The benefits of a mentoring environment, from an improved bottom line to informed and productive staff, have been recognised globally. According to Janine Everson, director of the course, this has led to an increased expectation that leaders and people in senior positions must play a mentoring role in the workplace. They are presumed able to provide expert advice, to guide and develop staff, and to be a role model.
However, being an effective mentor does not necessarily come naturally to people. It requires a core set of competencies and tools in order to gain the most value from a mentor/mentee relationship.
“There is an assumption that because one has been in a job for a certain amount of time, or one is older, that one can automatically be a successful mentor,” said Everson, who is also Academic Director of the Centre for Coaching at the UCT GSB. “But in reality, one often has to be taught how to develop this critical skill.
“Mentoring is not about simply meeting once a week for a chat – it's an in-depth process which, if managed correctly, can have extremely positive results,” said Everson. “These can include improved delivery of services by more informed staff, higher employee retention, a deepened understanding of an organisation's culture, and better people management."
But unless a mentor has the necessary skills to develop an effective relationship with his or her mentee, the process is worthless. Without a clear set of ideals and the means to carry them out, most mentorship situations will flounder.
“Many people don't know how to build and maintain a strong mentoring relationship,” said Everson. “Although it is a crucial part of the way we operate, and there is a huge demand for this type of skill in South Africa, there is not enough emphasis placed on learning how to mentor properly.”
The UCT GSB course, called Mentor: The Art of Conversation, is an intensive two-day event that is designed to identify and develop the core competencies essential for building a healthy mentoring environment.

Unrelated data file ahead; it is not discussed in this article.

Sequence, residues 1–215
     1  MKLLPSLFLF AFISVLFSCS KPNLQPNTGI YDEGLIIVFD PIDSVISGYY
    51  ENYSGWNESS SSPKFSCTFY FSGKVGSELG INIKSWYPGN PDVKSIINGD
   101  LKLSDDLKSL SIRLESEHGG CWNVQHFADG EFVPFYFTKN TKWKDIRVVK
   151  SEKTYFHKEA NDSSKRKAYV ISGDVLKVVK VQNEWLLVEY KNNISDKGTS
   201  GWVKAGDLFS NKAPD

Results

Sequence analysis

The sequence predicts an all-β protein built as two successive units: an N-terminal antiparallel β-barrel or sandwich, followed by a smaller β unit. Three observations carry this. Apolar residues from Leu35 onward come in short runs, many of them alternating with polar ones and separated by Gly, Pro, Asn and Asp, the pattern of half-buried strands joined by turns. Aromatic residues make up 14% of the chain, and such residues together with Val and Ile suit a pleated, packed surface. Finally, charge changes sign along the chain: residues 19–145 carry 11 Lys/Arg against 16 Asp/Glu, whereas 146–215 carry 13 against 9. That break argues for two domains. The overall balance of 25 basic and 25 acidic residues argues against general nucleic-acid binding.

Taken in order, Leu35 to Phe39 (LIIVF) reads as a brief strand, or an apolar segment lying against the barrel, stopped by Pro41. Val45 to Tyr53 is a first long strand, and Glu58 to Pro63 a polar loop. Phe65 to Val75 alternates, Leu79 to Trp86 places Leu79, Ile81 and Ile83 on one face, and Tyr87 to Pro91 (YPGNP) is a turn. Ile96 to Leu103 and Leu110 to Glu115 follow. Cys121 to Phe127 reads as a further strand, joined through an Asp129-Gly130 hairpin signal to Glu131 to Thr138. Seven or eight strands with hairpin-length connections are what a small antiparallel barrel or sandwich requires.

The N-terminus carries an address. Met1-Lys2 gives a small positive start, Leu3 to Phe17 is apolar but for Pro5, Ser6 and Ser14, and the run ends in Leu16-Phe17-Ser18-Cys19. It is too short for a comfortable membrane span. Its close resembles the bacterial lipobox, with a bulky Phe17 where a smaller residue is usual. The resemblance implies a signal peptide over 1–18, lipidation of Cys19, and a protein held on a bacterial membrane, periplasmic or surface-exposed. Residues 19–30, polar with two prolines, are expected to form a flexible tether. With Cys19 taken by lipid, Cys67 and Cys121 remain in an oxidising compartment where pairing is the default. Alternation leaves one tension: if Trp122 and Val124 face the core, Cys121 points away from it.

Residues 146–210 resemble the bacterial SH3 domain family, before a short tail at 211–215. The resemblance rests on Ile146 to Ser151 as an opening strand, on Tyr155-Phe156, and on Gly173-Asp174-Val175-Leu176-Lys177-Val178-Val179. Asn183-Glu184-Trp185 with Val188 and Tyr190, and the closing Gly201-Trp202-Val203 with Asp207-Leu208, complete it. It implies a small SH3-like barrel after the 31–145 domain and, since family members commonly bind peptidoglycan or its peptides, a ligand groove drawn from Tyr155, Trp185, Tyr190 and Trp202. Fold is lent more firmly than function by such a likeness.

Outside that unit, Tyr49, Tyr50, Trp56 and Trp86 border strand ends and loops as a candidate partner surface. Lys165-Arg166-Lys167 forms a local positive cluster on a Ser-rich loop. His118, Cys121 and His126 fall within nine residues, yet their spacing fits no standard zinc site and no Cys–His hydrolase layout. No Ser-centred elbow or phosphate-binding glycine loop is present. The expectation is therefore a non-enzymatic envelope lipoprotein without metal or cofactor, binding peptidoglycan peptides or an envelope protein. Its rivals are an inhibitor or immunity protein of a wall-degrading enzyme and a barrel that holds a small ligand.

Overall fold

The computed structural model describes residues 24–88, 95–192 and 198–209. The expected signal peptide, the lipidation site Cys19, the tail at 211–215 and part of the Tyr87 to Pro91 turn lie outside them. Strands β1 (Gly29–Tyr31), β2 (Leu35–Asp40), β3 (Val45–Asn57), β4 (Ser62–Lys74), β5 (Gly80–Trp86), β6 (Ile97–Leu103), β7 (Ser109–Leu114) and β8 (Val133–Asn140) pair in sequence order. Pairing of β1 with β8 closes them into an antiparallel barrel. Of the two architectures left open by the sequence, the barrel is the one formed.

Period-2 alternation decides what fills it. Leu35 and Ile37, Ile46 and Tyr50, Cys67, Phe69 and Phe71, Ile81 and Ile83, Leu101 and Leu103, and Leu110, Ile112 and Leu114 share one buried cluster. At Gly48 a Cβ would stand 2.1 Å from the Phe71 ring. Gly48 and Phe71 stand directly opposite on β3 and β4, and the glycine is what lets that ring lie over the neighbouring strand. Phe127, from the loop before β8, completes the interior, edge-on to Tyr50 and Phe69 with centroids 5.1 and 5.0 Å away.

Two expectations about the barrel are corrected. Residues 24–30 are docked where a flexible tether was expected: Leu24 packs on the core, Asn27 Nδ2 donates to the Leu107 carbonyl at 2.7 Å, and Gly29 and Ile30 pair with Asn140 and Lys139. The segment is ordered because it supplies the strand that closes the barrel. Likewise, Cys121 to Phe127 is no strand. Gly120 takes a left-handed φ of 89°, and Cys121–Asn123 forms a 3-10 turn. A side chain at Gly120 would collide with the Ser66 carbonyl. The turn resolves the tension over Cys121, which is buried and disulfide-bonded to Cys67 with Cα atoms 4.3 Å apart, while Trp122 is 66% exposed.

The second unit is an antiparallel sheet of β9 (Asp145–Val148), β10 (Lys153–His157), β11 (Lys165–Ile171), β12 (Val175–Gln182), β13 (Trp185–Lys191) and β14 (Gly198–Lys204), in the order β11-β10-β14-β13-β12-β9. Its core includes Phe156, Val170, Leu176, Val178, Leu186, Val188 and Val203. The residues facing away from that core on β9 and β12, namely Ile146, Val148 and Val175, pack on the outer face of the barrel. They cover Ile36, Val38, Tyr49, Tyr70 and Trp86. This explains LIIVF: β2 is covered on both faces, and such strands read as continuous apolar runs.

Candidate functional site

Top of the list is learning how to listen and hold effective conversations. Everson said that while in an earlier age mentoring was traditionally seen as the passing on of information from a more experienced source, it is nowadays seen as a two-way process of learning – a dialogue, in essence.
“Mentoring is also about mutual trust and respect. Without this, mentors and mentees will be restricted in their freedom of expression,” she said.
Other attributes necessary for becoming a high-impact mentor include focused analytical skills, goal clarity, a commitment to learning and growing and the ability to articulate clearly. And ultimately, one should let mentees learn their own way, as opposed to foisting directives on them.
Delegates to the programme will leave with a clear understanding of mentoring, an ability to recognise openings for mentoring, and confidence that mentoring efforts will result in impactful interventions. In addition, the ability to create effective conversation, to explore different styles of mentoring, and to identify barriers and obstacles will be developed. Delegates will also build up a mentoring “toolkit” comprising such aids as planning the first meeting, how to have difficult conversations, and ways of recording mentoring meetings.
“Mentoring isn't about doing someone else's job for them, imposing ready-made solutions that worked somewhere else, or telling people what to do. It is about the art of conversation, and a willingness to listen and learn,” said Everson.
“Essentially we're looking at a life skill, one that applies to one's personal or social space as much as the workplace.”
For more information contact Dudu on (021) 406 1268. The course website is www.gsb.uct.ac.za/mentoring.